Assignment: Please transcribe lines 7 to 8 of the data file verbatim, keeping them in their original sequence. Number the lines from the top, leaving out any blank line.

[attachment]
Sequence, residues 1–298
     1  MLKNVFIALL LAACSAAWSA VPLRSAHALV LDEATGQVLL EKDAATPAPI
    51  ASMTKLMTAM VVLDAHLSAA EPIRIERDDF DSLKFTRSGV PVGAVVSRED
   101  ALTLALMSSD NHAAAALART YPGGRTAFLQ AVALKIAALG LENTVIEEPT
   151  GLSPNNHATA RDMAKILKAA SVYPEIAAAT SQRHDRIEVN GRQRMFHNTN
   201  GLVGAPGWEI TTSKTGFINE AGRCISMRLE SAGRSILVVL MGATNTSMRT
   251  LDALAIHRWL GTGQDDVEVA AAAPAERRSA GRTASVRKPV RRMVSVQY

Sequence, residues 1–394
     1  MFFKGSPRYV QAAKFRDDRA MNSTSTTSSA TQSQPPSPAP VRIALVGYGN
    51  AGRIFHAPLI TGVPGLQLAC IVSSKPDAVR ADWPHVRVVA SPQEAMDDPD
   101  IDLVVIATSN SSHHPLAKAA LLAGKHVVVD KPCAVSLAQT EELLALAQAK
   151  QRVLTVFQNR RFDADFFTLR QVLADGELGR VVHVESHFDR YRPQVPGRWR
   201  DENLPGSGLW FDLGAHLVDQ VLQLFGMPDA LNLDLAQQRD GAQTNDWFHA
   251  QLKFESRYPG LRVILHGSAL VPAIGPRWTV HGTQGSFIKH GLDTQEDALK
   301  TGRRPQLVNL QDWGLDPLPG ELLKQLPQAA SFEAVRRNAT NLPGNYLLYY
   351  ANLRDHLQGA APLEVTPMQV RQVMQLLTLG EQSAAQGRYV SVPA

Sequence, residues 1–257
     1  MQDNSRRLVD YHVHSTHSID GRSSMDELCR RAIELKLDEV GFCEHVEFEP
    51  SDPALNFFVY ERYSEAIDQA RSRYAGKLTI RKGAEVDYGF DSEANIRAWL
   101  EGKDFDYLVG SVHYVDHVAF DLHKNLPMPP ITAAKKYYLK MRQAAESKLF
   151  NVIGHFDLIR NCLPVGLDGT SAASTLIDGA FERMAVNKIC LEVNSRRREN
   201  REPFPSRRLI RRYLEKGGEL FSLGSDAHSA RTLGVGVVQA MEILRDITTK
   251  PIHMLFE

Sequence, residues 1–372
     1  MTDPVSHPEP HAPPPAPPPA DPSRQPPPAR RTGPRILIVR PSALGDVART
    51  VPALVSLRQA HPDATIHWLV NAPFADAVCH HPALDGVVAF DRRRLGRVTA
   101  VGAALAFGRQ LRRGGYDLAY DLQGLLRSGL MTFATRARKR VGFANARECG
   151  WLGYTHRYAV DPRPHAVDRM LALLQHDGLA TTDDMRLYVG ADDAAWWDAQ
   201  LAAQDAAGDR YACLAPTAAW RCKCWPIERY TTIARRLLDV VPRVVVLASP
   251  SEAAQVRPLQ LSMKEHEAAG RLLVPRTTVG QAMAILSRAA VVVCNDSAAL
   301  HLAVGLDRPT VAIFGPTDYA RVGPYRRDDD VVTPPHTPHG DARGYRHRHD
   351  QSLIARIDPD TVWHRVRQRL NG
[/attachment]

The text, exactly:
   251  LDALAIHRWL GTGQDDVEVA AAAPAERRSA GRTASVRKPV RRMVSVQY

Sequence, residues 1–394